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Rapping bastard son, is not a label someone would give Alexander Hamilton, unless you happen to be watching Lin-Manuel Miranda’s “Hamilton.” On October 21, Social Studies teacher Franco Scardino took students from the AP Government class and Jaime Baranoff’s AP U.S. History class to see the highly acclaimed musical “Hamilton” at the Richard Rodgers Theatre.   

Miranda injects vivacious music into the tired vernacular of the Founding Fathers, reinventing the overtold story of rebels transforming the amorphous colonies into a nation. Miranda proves through “Hamilton” that musicals can evolve to fit the time in which they were made, despite being about the dead white men who founded this nation.

“Hamilton” details the rise and fall of Alexander Hamilton (Lin-Manuel Miranda), using rap battles that lift the men out of history books, not only modernizing them, but humanizing them. Senior Jane Zheng said, “The beginning of american politics were all very detached because I thought they were all boring old white men.” She continues by saying that “the musical made me realize that our founding fathers are just as flawed and human as we are.”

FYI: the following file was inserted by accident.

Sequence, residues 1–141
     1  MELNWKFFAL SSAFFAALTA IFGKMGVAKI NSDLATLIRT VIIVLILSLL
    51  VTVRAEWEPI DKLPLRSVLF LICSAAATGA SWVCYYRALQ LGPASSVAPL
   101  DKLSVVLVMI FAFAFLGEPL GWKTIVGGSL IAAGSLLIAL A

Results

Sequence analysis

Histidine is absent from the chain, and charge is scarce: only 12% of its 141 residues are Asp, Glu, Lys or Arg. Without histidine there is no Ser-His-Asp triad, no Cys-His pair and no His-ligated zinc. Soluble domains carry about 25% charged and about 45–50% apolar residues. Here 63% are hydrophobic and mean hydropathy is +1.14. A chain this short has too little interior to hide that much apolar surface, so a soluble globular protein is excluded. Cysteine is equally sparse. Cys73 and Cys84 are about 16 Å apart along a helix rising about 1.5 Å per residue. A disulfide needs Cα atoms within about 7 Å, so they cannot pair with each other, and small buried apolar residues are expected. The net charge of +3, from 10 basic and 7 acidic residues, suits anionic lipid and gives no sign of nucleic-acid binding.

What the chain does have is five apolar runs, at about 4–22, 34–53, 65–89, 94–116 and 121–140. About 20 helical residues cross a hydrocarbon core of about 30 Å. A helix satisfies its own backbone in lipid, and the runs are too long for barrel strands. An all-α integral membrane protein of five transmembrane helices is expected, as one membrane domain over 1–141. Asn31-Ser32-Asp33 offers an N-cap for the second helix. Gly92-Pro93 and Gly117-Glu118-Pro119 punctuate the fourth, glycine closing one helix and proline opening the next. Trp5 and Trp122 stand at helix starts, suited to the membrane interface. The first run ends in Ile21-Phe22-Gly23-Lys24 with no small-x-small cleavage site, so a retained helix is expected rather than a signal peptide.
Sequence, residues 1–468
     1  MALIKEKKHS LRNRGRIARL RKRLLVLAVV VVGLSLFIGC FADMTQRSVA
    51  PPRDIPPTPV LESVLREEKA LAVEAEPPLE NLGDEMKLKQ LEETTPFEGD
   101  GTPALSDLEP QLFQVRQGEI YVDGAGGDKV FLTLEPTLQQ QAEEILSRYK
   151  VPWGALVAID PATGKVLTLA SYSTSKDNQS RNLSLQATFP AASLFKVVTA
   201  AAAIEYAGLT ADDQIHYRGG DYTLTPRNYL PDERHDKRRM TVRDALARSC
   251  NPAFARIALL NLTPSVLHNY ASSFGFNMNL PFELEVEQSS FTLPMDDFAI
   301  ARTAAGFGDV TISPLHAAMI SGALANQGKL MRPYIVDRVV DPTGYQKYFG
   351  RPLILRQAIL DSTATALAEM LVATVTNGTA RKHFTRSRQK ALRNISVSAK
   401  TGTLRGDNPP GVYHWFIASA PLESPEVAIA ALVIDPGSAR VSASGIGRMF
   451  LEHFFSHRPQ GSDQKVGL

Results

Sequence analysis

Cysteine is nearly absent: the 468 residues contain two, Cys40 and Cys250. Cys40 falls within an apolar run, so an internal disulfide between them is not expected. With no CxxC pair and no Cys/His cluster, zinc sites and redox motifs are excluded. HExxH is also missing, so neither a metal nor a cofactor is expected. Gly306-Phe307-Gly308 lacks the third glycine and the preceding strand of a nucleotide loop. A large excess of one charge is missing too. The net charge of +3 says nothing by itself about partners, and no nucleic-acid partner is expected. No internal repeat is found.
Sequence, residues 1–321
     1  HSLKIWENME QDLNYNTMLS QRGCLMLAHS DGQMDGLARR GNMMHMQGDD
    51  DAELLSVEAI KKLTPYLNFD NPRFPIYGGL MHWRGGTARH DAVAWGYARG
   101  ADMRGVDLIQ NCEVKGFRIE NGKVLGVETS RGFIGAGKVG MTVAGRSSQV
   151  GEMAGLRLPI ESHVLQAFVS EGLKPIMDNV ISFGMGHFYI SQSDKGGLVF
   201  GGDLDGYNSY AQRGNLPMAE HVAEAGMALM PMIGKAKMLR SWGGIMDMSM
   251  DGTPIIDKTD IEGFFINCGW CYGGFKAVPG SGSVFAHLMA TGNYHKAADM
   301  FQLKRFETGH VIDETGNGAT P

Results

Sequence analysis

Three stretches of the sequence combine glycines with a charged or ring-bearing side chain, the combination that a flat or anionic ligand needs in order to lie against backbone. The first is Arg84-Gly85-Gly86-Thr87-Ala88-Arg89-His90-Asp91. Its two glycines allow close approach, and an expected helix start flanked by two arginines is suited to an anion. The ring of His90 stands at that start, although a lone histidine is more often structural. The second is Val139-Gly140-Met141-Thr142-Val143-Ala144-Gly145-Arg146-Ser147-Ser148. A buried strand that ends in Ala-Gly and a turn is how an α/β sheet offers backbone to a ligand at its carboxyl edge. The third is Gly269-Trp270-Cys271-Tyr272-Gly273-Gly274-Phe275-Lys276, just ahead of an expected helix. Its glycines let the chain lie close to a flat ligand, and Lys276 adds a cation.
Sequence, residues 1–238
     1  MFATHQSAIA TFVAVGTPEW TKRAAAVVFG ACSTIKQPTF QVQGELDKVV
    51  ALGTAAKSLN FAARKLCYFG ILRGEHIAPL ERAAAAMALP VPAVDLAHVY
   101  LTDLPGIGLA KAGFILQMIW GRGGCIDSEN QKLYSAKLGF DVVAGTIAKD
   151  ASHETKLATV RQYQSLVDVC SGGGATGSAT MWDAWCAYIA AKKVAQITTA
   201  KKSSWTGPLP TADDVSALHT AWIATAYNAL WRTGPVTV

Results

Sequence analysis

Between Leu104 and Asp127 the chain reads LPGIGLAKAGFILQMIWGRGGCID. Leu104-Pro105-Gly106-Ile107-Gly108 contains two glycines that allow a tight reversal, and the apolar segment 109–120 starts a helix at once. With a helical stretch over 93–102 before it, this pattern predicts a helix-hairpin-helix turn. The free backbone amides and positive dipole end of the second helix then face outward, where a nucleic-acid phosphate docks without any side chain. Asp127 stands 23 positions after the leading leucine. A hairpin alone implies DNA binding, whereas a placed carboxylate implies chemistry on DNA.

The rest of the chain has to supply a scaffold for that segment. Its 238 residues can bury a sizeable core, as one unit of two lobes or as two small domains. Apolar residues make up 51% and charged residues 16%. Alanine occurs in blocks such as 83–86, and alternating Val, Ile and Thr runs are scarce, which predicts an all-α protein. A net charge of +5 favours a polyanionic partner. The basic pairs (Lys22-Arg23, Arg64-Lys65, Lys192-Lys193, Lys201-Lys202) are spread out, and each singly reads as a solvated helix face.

Mr. Scardino described the musical as “one of the top three or four productions” he has ever seen. “[It’s] cutting edge theatre and I wanted to expose the kids to that,” he claims. He commends the musical’s ability to bring “together different styles and genres of theatre.” Similarly, he wanted to use the trip to bring “together the seniors and juniors for a theatrical production on the founding fathers.”

For senior Thomas Wong, “Hamilton” was a lively and inventive musical as “it had a lot of creativity and [he liked] how they put a hip-hop theme to the 18-19th century setting.” For him, it was a perfect way to destress after many trying Townsend Harris weeks.

Mr. Scardino also commented on the provocative nature of “Hamilton.” Many of the actors don’t share the same ethnic background as their counterparts. [For instance,] George Washington (Christopher Jackson) is played by a black man.” He believes that “when you portray all the Founding Fathers [as] people of color with the exception of one, it really challenges people to just think about race.”

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